In order to overcome the intrinsic susceptibility of peptides to hydrolysis by proteases, Dings et al. designed a non-peptidic topomimetic of Anginex and 6DBF7, based on a calixarene scaffold (134). This compound, named calixarene 0118 or OTX008 (31, Table 3), demonstrated potent angiogenesis inhibition in two mouse models of human ovarian carcinoma and murine melanoma. In addition, OTX008 has shown synergistic effects with sunitinib (a tyrosine kinase inhibitor) in ovarian carcinoma and glioblastoma mouse xenografts (133). Interestingly, OTX008 downregulates cancer cell proliferation, invasion, and tumor angiogenesis in a variety of tumor cells (160) and is undergoing a Phase I clinical trial by OncoTx Inc. (NCT01724320) (161).

Conclusion and Future Perspectives

In the past few years, the field of cancer therapy has experienced an impressive breakthrough with the development of targeted therapies and immune checkpoint blockers (162). However, although significant improvements have been achieved with these therapeutic agents, some patients have not shown clinical benefits, presumably because of the development of adaptive resistance mechanisms and acquisition of compensatory pathways.

Aberrant glycosylation has emerged as a hallmark of cancer progression, and the presence of a tumor-associated glycome is deeply associated with malignant transformation and metastasis-associated processes including tumor cell migration, invasiveness, angiogenesis, and immune escape (14). However, the translational and clinical applications of altered glycan structures in cancer have not yet been completely accomplished, probably due to the complex regulation of the glycosylation machinery including glycosyltransferases and glycosidases. Heterogeneity is inherent to the language of glycans and crucial for their diverse biological roles as information carrier for lectins. On the other hand, lectins, glycan-binding receptors responsible for deciphering the glycome, arose as feasible targets for cancer therapy. As a result, considerable efforts have been made to disrupt glycan–lectin interactions by designing pharmacological anticancer agents that target different lectins including selectins, siglecs, and galectins. Further studies are still necessary to understand the precise underlying mechanisms of the antitumor effects displayed by lectin blockers, and to explore the potential complementation or synergy of turning-off lectin signaling with immune checkpoint blockade therapies, targeted therapies (e.g., small molecule inhibitors of receptor tyrosine kinases) and antiangiogenic therapies, as well as with chemotherapy, radiotherapy, and vaccination strategies. As of today, different approaches have generated chemical inhibitors for lectin–glycan interactions, resulting in diverse selectivity, affinity, and therapeutic efficacy in cancer models.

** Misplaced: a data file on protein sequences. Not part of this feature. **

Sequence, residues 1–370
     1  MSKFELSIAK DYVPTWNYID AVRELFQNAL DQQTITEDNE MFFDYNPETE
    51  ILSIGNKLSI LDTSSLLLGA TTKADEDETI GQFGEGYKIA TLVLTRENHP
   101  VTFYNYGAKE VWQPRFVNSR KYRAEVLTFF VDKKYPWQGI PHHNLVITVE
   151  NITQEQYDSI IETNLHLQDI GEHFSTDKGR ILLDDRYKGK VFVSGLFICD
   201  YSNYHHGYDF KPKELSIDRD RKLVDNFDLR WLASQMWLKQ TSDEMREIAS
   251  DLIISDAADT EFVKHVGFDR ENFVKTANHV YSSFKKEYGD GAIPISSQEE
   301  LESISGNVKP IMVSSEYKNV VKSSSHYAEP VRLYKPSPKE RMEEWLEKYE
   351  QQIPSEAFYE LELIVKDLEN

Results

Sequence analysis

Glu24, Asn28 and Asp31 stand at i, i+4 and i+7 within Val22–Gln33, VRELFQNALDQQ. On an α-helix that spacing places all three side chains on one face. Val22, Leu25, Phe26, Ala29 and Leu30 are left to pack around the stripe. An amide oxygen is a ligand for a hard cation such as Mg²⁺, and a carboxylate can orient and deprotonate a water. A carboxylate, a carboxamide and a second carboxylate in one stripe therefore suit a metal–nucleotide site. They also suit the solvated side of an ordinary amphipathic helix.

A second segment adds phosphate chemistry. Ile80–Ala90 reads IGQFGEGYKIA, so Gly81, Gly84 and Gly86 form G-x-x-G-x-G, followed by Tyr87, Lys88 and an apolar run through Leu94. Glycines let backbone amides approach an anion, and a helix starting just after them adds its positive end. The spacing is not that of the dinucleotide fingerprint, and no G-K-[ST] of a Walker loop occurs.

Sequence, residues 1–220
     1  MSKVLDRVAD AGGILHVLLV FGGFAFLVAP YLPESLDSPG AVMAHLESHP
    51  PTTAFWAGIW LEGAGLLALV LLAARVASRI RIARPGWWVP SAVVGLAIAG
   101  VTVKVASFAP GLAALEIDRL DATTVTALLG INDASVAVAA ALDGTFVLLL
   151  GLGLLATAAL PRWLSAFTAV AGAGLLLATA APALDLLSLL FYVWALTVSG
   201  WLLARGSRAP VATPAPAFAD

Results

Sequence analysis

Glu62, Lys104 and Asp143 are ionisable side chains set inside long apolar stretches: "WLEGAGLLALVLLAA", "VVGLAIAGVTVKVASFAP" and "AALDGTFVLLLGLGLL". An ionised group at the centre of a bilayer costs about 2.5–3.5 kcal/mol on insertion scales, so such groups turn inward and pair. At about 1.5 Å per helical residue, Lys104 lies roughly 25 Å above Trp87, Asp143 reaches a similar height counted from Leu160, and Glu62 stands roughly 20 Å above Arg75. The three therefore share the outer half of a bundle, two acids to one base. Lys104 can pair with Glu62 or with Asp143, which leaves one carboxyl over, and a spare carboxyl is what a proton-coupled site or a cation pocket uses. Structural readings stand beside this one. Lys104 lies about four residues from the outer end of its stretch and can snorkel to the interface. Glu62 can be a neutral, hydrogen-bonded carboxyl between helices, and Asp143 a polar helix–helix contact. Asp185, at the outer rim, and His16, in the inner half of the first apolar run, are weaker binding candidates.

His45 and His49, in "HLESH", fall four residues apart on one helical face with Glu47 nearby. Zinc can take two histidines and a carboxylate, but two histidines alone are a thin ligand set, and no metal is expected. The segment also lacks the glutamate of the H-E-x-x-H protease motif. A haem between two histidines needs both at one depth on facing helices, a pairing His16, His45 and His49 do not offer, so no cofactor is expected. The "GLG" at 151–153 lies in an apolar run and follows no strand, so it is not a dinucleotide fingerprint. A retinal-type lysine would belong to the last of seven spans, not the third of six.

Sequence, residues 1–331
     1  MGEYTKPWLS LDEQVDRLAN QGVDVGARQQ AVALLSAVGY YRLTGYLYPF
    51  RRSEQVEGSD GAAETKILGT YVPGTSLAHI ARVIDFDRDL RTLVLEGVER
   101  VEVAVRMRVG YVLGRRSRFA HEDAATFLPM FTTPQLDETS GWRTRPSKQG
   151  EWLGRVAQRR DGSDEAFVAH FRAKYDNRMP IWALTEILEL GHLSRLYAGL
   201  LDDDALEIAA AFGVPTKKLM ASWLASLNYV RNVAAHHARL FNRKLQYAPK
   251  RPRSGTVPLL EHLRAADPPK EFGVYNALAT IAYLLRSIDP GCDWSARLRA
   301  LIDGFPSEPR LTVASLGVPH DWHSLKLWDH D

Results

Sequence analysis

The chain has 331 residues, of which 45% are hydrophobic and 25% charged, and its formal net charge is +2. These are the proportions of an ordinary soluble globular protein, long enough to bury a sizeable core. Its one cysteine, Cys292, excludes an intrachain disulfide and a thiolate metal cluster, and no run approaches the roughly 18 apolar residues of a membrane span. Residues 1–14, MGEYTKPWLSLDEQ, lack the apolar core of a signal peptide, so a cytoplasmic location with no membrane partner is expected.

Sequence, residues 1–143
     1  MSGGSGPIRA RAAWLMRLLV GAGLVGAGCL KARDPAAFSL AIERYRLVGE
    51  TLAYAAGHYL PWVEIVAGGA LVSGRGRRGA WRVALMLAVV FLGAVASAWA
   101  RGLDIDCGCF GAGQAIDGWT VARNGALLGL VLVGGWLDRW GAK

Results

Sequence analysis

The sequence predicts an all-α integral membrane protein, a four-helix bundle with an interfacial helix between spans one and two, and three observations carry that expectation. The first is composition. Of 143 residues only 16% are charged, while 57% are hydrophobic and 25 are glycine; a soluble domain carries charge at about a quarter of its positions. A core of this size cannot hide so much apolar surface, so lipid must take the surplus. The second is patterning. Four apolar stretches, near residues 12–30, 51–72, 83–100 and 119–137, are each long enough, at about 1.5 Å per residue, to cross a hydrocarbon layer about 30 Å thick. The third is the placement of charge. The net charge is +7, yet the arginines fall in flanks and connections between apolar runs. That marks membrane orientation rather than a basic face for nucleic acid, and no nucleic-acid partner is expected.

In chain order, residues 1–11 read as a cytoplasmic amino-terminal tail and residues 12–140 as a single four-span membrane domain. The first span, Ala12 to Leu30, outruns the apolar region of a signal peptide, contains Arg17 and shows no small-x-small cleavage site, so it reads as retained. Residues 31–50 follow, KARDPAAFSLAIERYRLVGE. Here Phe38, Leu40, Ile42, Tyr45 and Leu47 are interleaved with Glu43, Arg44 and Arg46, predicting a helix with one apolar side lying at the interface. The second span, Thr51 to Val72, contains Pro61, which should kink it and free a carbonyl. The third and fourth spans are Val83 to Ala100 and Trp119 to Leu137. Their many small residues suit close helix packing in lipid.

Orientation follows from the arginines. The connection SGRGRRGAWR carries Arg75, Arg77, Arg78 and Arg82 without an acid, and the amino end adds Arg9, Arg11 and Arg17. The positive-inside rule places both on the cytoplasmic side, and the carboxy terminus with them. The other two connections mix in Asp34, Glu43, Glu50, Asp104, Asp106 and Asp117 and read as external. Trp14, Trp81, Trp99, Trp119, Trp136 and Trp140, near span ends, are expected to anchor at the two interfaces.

Small glycan derivatives and glycomimetics, which represent the majority of lectin blockers reported to date, target the carbohydrate-binding site and showed promising affinities and lectin selectivity in vitro. However, these carbohydrate-based ligands suffer certain disadvantages for their use in the clinics, i.e., low in vivo bioavailability, susceptibility to glycosidase hydrolysis, and fast clearance. For instance, for galectin inhibition, no galactose-based ligand has reached clinical trials up to date. Thus, alternative approaches have been made to circumvent these drawbacks including the design of hydrolytically stable N-, S-, and C-saccharides and the development of neoglycoproteins with higher bioavailability (163), but only a few of them have been successfully tested in vivo. Although not included in this review, metabolic inhibitors for sugar nucleotide biosynthesis were also proposed and efficiently tested: for example, per-acetylated 4-fluoro-glucosamine (4-F-GlcNAc) as a GlcNAc biosynthetic inhibitor was evaluated in cancer melanoma- or lymphoma-bearing mice, showing enhanced tumor lymphocytic infiltration and increased the frequency of cytotoxic T cells and IFN-γ production (164). However, these chemical inhibitors do not affect protein glycosylation in a specific way. Therefore, small carbohydrate inhibitors have to face diverse intrinsic drawbacks before reaching clinical settings.